Select Committee on Public Administration Appendices to the Minutes of Evidence

Memorandum by the NHS Alliance (PAP 63)


  1.  The NHS Alliance welcomes the opportunity to provide evidence to the Public Administration Committee's enquiry into patronage and public appointments, focusing particularly upon the reforms recently introduced in the system of appointments to the NHS Primary Care bodies.


  2.  The NHS Alliance is the independent body that represents NHS primary care. Some 90% of Primary Care Trusts (PCTs) are members, together with individuals who work in primary care. It brings together the combined force of clinicians (including GPs, nurses and allied professionals), managers and the lay people who serve on Primary Care Trust boards. It is concerned to encourage and enable a genuine partnership between these three groups within the NHS, and between the NHS and the public. The Alliance is widely recognised as the major independent voice of primary care. It has strong links with government and the Department of Health.

  3.  The National Association of Lay People in Primary Care voted earlier this year to amalgamate with the NHS Alliance. Many members of the NALPPC were also members of the NHS Alliance, either as individuals or through the membership of their PCT. That group of former NALPPC members now forms the NHS Alliance Lay Members' Reference Group, sitting alongside other special interest reference groups.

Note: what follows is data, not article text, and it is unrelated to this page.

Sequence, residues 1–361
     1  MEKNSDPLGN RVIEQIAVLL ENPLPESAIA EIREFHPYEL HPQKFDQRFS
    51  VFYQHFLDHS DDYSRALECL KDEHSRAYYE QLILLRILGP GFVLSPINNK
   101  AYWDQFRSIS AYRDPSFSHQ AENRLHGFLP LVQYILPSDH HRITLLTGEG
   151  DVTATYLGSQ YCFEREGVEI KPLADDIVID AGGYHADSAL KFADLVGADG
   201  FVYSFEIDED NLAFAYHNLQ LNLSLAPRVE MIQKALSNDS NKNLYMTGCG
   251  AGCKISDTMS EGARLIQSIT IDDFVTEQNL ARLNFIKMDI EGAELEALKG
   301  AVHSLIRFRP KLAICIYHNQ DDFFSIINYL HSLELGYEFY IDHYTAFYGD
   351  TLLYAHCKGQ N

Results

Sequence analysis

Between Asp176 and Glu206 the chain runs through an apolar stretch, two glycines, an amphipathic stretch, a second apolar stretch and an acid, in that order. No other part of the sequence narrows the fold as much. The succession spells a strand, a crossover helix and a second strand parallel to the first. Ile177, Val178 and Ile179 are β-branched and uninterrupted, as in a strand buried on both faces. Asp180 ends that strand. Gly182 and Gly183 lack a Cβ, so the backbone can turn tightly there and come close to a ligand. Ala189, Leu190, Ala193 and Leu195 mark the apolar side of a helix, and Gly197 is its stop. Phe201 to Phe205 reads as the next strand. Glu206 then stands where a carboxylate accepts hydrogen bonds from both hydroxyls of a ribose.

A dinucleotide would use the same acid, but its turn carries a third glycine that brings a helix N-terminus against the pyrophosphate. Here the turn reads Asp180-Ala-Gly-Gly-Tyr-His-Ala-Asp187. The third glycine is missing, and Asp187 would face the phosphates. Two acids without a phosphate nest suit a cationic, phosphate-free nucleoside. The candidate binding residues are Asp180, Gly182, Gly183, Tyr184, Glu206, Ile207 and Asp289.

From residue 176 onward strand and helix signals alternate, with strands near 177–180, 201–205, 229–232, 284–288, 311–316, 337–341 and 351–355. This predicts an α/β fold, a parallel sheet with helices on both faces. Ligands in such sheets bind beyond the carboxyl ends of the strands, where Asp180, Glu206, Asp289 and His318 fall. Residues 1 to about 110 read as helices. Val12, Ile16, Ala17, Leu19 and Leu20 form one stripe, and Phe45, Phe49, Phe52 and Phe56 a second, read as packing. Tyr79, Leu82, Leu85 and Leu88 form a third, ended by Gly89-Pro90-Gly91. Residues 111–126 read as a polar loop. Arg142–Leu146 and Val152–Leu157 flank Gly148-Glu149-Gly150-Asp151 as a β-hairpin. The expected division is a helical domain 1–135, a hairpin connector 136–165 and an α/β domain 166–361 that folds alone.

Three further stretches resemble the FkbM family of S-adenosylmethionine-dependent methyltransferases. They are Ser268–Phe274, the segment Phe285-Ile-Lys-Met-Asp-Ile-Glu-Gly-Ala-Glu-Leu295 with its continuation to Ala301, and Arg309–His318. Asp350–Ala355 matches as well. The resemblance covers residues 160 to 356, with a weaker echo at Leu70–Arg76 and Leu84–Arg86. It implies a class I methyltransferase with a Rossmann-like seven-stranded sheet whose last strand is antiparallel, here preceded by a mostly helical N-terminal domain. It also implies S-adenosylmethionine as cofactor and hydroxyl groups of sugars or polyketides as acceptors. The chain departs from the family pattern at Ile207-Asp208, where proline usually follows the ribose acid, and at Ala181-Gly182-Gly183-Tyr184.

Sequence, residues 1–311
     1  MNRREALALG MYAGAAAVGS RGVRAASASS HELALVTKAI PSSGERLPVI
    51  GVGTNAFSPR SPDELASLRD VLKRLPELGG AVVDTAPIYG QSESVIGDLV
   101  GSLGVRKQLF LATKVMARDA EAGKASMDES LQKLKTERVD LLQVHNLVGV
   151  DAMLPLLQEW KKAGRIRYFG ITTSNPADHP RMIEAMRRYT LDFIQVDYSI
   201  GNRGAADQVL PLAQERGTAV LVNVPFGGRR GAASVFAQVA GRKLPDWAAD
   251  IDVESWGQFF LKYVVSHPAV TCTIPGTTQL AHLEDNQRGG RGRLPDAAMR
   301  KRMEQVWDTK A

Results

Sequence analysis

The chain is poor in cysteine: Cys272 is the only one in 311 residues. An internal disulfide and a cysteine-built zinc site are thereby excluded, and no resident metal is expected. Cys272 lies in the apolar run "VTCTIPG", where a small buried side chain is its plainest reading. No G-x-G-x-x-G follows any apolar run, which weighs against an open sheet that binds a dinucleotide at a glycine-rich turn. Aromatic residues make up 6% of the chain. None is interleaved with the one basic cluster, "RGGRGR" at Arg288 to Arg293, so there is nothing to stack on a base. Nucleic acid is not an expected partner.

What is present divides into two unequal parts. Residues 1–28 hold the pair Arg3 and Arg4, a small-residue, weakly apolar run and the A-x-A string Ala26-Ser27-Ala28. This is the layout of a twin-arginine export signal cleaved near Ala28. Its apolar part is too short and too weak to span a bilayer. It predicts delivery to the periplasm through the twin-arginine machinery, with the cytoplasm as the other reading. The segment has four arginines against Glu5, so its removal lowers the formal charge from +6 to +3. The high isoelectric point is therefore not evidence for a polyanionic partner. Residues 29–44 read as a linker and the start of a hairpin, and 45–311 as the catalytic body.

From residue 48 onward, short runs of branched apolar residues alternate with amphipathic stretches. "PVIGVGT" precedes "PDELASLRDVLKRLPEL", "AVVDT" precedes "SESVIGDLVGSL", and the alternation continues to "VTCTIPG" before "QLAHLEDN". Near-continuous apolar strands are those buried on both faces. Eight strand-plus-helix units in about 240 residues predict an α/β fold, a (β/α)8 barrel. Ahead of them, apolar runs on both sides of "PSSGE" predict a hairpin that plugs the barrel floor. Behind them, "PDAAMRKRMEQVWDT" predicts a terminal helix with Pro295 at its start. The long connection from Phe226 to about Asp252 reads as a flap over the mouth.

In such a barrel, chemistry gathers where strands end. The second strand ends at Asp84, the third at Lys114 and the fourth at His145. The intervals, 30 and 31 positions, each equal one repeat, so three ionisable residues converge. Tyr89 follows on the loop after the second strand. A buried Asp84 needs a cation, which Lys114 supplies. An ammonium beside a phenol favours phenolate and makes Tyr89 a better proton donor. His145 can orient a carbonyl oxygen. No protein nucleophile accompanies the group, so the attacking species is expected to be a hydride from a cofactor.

4.  The NHS Alliance supports the system for making appointments to the Boards of NHS Primary Care Trusts put in place by the NHS Appointments Commission (NHSAC). It has introduced reforms that have brought much needed transparency and fairness into the process. The system now has much in common with that generally used in human resources recruitment and so is easily understood and accepted by applicants and the public. The advertising of all posts, although costly, is valuable in reaching out to the broadest possible range of candidates. In particular, the Alliance applauds the decision to abandon the previous generic lists and to introduce a system of appointing to specific roles.

  5.  There are proposals to change the current criteria from a knowledge and skills base to a competencies base. That too, is a move the NHS Alliance supports. We believe it will assist in broadening the diversity of applicants to positions on Primary Care Trust Boards.

  6.  Nevertheless, the Alliance has identified tensions between Primary Care Trusts and the NHS Appointments Commission. There are some concerns about the practical operation of the reforms to the appointments system. We would wish to highlight the following key issues.

    —  Primary Care Trust chairs and non-executives strongly oppose NHS Appointments Commission proposals to reduce the time commitment required of PCT non-executives. They advise that it would not be feasible to carry out the tasks required of non-executives if these proposals were implemented. In particular, the role of non-executives in challenging as well as supporting management and clinicians is valuable and would be put at risk if the NHSAC proposal were adopted.